Director Dario Argento‘s classy slasher flick — which sounds a lot more ominous and impressive under its Italian title, Profondo Rosso — follows a music teacher, Marcus Daly (David Hemmings), as he investigates the murder of a psychic medium, who was killed by someone wielding an axe. Daly’s poking and prodding ends up endangering everyone around him, including his best friend (Gabriele Lavia), his doctor associate (Glauco Mauri) and the reporter with whom he begins an affair (Argento’s off-screen partner, Daria Nicolodi), all while the inimitable Goblin performs their trademark maddening music, which comes into play here as a clue to the killer’s identity. As with many of Argento’s films, the mystery’s eventual payoff/revelation is a bit anti-climactic (and silly), but getting there is quite the ride — and, yeah, the final confrontation (which quite memorably involves an elevator shaft) is pretty sweet‚ and most definitely worthy of the film’s title.
[BoxTitle]The Evil Dead[/BoxTitle] [Trailer]http://youtu.be/wXpjFAisVvY[/Trailer] [Netflix] [NetflixAdd id="484369"/] [NetflixWatch id="484369"/]
Before he was the director of such big-budget extravaganzas as the Spider-Man movies, Sam Raimi was a kid from Michigan with nothing but a cabin, a camera, a lot of fake blood and a talented best friend by the name of Bruce Campbell. The Evil Dead is a horror film made with the blood, sweat and tears of a group of friends out in the woods; Raimi’s imaginative direction and energetic visual flourishes and Campbell’s spirited performance as a young man taunted by demons made the movie seem much bigger and more expensive than it actually was — and made it an instant cult classic. Raimi and Campbell went on to do Evil Dead II (1987) and Army of Darkness (1993) as well as several Evil Dead video games, with Campbell becoming a B-movie idol as the ever-quotable, sharp-tongued Ash. We’re still waiting for Evil Dead IV, even though Raimi is no longer the filmmaker he once was back in the woods (though he tried valiantly to convince us that he is with Drag Me to Hell), and Campbell seems to be getting crankier with each passing year.
[BoxTitle]The Exorcist[/BoxTitle] [Trailer]http://youtu.be/YDGw1MTEe9k[/Trailer] [Netflix] [NetflixAdd id="14546619"/] [NetflixWatch id="14546619"/]
What can be said about William Friedkin’s masterful, influential adaptation of William P. Blatty’s terrifying horror novel that hasn’t been said already? Well, how about that it’s not that great? Gasp! Don’t get us wrong — The Exorcist is indeed a classic and definitely one of the best horror films ever made. But is it us or is it suddenly less scary after poor little Regan becomes possessed? Everything leading up to the possession is the truly scary stuff, but once Friedkin turns everything into a freak show featuring rotating heads and pea soup, well, it gets a little, silly (-ish, at least). Regan silently and emotionlessly wandering into her mom’s party and just peeing on the carpet is a lot more unsettling than a possessed Regan screaming about Father Karras’ mother sucking cocks in hell. Maybe it’s because time hasn’t been kind to the special effects and cinematic trickery; maybe it’s because we’ve scene the possession scenes imitated and parodied so much over the years. Anyway, just a thought — even the classics need to be questioned and challenged every now and then.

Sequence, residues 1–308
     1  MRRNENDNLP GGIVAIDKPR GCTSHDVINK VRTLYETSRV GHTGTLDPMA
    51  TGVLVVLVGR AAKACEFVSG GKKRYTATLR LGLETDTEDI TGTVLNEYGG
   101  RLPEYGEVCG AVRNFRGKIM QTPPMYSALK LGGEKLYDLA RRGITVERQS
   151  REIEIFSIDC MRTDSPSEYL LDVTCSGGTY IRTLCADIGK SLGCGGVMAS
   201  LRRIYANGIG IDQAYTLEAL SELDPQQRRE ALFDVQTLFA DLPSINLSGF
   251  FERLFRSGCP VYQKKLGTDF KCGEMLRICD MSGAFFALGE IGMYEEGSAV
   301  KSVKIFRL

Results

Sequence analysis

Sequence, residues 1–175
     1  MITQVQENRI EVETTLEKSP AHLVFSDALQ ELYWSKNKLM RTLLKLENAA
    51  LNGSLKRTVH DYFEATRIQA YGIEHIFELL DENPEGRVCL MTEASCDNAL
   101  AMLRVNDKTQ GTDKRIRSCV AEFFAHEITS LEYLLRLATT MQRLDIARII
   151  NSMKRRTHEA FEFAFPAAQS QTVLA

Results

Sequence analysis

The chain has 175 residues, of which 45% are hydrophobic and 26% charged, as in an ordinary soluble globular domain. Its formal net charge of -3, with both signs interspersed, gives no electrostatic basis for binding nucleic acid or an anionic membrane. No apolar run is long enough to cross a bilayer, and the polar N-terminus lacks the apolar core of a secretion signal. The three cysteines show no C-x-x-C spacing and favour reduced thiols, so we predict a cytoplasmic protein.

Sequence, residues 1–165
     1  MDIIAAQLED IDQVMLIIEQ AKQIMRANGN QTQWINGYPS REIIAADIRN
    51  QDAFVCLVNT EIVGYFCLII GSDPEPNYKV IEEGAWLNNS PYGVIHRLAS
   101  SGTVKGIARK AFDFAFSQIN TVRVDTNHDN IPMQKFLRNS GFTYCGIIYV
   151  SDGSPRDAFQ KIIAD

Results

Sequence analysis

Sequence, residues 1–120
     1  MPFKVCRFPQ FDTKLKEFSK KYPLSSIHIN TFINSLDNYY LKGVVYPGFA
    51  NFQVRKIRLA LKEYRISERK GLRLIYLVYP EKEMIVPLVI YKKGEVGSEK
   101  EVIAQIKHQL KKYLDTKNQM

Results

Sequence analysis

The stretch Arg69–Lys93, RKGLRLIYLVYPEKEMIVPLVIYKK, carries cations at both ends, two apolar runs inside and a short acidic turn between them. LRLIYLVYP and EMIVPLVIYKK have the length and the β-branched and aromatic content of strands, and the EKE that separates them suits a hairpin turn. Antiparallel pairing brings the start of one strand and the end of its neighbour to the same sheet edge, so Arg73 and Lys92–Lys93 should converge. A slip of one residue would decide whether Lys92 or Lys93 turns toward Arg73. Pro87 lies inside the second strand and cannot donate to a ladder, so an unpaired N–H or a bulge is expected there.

[BoxTitle]Henry: Portrait of a Serial Killer[/BoxTitle] [Trailer]http://youtu.be/IU3P6WXzvXU[/Trailer] [Netflix] [NetflixAdd id="584120"/] [NetflixWatch id="584120"/]
One of the first movies to sport the oh so intimidating NC-17 rating, Henry: Portrait of a Serial Killer features Michael Rooker’s career-best performance as a part-time exterminator of insects and full-time exterminator of humans, a nomadic demon currently shacking up in Chicago with Otis (Tom Towles), a guy he met in prison. We watch Henry go about his business over the course of several days, killing several strangers and eventually taking Otis under his wing, all the while trying to ignore the ever-increasing sexual tension between himself and Otis’ visiting sister, Becky (Tracy Arnold). A harsh, gritty and extremely well-done snapshot of pure evil, Henry: Portrait of a Serial Killer approaches its subject without judgment, presents these various crimes without remorse and reflects on these human tragedies without sympathy or regret, making it one of the most squirm-inducing films ever made — it’s a challenge to watch Henry, but it’s a challenge you should accept. Shot on 16mm in less than a month on a budget of about $110,000.
[BoxTitle]House of the Devil[/BoxTitle] [Trailer]http://youtu.be/6SOur3WwZvM[/Trailer] [Netflix] [NetflixAdd id="70117039"/] [NetflixWatch id="70117039"/]
An ’80s-style horror film that maybe flaunts its ’80s-ness a bit too much (it was released as a VHS in old clamshell packaging when it went to home video), House of the Devil stars Jocelin Donahue as Samantha, a college student in need of a few bucks for rent. Despite her (doomed) best friend’s (Greta Gerwig) protests, she travels to a mansion in the middle of nowhere, where the strange Mr. Ullman (Tom Noonan, excellent as always) confesses there is no child to babysit, only his mother, who’s tucked away in one of the bedrooms upstairs. From there, Samantha passes the time by exploring the house, playing pool and ordering pizza‚Ä¶ and then discovers she’s been chosen as a sacrifice of sorts in a Satanic ritual. House of the Devil is a terrific slow-burn horror story, crackling with weirdo energy and nightmarish atmosphere, though after a while you wonder why writer-director Ti West needed to make it an “’80s movie” — the various tricksy flourishes such as in-camera zooms and needless close-ups on Samantha’s giant Walkman give the film a sense of self-consciousness that’s really unnecessary. Still, this is a treat and a half — just don’t eat pizza while watching it.